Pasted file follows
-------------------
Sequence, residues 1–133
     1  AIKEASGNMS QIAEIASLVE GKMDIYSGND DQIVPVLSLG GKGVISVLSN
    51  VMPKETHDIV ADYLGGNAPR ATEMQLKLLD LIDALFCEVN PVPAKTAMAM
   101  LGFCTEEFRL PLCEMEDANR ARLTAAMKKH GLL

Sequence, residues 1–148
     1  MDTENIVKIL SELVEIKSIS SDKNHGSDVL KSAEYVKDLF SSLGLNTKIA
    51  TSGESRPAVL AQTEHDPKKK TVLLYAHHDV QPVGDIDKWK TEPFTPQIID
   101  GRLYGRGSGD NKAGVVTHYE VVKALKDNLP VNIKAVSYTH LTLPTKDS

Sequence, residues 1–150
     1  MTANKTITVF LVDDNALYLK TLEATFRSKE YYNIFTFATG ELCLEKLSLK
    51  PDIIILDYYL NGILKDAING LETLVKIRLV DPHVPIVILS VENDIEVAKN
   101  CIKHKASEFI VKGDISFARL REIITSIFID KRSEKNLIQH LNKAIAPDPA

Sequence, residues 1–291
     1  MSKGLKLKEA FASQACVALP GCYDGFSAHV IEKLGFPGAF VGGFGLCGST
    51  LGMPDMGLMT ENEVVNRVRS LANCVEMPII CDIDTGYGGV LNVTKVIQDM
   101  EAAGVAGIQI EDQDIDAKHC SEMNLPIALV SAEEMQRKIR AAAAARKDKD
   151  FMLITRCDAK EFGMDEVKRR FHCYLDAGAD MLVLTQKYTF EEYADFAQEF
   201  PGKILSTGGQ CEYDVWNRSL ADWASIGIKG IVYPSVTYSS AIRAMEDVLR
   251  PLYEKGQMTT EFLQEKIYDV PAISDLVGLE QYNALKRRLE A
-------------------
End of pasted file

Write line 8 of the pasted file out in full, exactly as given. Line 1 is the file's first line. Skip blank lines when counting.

   101  GRLYGRGSGD NKAGVVTHYE VVKALKDNLP VNIKAVSYTH LTLPTKDS